Creativity exists in various forms, and area resident Wally Blue found it in his new sudsy hobby: craft beer brewing.

After years of painting, woodworking, and writing poetry, Blue has delved deep into making craft beer - what some people consider an art form - and recently took home a blue ribbon for his international lager at the Tulsa State Fair. Not much of a beer drinker himself, Blue enjoys the process more than consuming the final product.

"I like the creative part of it - taking ingredients and putting them together - and having something people really appreciate come out as a result," said Blue. "I like the science of it, to tell you the truth. There's a lot of stuff that goes on from when you first turn on the stove to when you pop that cap off."

Beer drinkers might think it takes years of practice and brewing to snare first place in a craft beer competition. That's not the case for Blue, who has only been concocting cold ones for about a year.

"On my 73rd birthday, my grandkids gave me a kit, and a book, and all the ingredients for my first batch, so I made that," said Blue, whose first brew was a Belgian-style. "I was disappointed in the results, but other people who tasted it said it was pretty good."

In his first time entering beer in the fair, Blue submitted an international lager and an American lager. After taking first place for the Australian (international) lager, he created a label and brand for his home brew: Barren Fork Craft Beer. Blue thinks the water quality of Barren Fork Creek, which supplies the municipal water, has contributed to his success.

"It's really good-tasting water, and I think that's another [factor]," Blue said. "In fact, when we were having this municipal water installed years ago, the EPA said that was one of the cleanest bodies of water in the country, which is surprising, because we have a creek down there called Peacheater Creek that runs into Barren Fork, and I think it's been contaminated by a lot of poultry runoff over the years."

Any contaminants in Blue's water will have been eradicated by the time he's done brewing, and he insists cleanliness is paramount to making a good beer. He said a brewer must "pay meticulous attention to detail."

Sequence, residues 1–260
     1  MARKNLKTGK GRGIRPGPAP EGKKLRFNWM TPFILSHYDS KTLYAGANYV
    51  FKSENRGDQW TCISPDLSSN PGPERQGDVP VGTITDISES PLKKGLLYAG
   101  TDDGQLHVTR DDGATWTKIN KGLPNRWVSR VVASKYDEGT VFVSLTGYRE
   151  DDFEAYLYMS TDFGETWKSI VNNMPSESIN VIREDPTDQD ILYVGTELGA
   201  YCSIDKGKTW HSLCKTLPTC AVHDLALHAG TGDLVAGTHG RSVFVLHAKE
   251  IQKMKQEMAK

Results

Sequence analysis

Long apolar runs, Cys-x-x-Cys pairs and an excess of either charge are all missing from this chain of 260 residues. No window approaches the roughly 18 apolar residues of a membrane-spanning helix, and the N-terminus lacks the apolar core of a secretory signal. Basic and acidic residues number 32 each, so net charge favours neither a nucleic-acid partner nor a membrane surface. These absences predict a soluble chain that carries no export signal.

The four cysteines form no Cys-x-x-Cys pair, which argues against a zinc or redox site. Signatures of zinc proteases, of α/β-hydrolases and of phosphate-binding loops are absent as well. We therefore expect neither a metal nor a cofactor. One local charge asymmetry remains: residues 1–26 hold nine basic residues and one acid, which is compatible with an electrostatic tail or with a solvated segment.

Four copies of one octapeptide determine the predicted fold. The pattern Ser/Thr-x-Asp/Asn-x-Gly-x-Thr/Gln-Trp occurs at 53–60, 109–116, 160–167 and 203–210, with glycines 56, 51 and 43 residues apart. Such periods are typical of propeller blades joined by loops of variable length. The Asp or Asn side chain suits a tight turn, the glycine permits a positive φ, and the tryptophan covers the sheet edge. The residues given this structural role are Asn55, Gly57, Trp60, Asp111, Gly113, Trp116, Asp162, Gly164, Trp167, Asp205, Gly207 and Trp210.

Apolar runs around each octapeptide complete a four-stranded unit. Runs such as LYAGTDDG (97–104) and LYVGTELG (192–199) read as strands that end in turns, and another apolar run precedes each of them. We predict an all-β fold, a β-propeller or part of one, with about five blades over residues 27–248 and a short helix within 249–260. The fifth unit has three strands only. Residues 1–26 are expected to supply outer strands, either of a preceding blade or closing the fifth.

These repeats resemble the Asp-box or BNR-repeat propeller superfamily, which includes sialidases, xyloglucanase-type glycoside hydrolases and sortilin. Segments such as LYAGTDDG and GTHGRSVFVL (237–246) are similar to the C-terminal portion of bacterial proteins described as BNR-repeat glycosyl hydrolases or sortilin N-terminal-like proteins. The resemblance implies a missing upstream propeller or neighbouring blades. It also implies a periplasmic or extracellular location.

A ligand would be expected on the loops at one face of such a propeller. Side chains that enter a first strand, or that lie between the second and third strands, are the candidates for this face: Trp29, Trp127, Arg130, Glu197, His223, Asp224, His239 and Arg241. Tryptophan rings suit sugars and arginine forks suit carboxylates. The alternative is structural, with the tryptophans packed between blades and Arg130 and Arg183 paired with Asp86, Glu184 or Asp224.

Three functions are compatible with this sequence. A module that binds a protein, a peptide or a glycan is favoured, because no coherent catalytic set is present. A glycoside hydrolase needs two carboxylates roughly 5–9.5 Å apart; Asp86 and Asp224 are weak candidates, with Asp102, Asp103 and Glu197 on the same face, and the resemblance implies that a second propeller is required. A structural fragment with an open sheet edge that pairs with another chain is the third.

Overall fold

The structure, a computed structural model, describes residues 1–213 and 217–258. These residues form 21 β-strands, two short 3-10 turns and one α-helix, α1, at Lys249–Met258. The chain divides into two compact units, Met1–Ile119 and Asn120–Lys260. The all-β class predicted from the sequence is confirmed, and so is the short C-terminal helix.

"You can't skip any step, and sanitation is key," he said. "If your bottles and everything you use are not sanitized, you're opening the door for bacteria and other bugs to get in and wreak havoc with your brew."

Deemed by judges as an "enjoyable lawnmower beer," the winning lager Blue calls Kangaroo Crossing is fit for anyone who appreciates a smooth, flavorful draught that has a unique balance of malt and hops. It's also low in IBUs (International Bitterness Units scale), which means it will go down smoothly without the biting aftertaste.

Blue also brewed his beer in a fashion that he said strays from the pack. There are two ways to begin the process: A brewer can either use malt extract that's already been processed, or he can implement a whole-grain brewing process that takes more time and effort. Although extract brewing cuts out certain steps, the final beverage can taste just as good as one that's whole-grain brewed.

For Blue, it was better.

"Most so-called expert home brewers, they're a little snobbish and they think whole grain is the only way to go," said Blue. "That takes all day to do and it's really time-consuming. To me, doing an all-grain brewing is like an artist who grinds his own pigments to make his paint before he actually paints. Whereas, I take malt extract that's already been processed to that point, and then I make my beer from that, plus the hops and the yeast and stuff."

Blue has tried his hand at other styles of brew. He's made a California common, or steam beer; a kolsch, considered to be a hybrid that uses both lager and ale brewing techniques; a Kentucky Common; and a clone of a Sierra Nevada pilsner. He's also dipped his toes - not literally - into hard cider for his wife, Gail.

"She doesn't like beer," said Blue. "In fact, I designed [Kangaroo Crossing] for the purpose of making a beer she would like, but she still doesn't like it. So I make her hard cider. That's another process that is really satisfying. We use natural apple cider that's not clear; it's opaque. To see that turn absolutely clear over a matter of weeks, it's kind of neat."

Gail might not be a fan of her husband's beer, but she does approve of the hobby.

"He's retired, so it gives him something to do and keeps his mind working," she said. "Most of his beer, he gives it or sends it away."

The craft beer scene has exploded across the country in recent years. Tahlequah recently saw its first craft beer pub move in last year, and in Tulsa, breweries have popped up across the city. Blue recommends craft beer aficionados try brewing at least once. Not only does it taste better than beverages like Budweiser or Coors, he said, but it's also lighter on a drinker's wallet.

"I think if you like the taste of craft beer, I would highly recommend people get into it," said Blue. "You can make your own beer for less than half of what it costs to buy it, especially when you get into craft beer. That Kangaroo Crossing was 86 cents per bottle."

Drinkers may also appreciate the satisfaction of making a beer themselves.

For Blue, that moment comes when he sees a "crystal clear" pour of beer, bubbles rising to the top, and a 1-inch head of foam sitting near the rim of a pint.

"I really take a lot of pride in that," he said.

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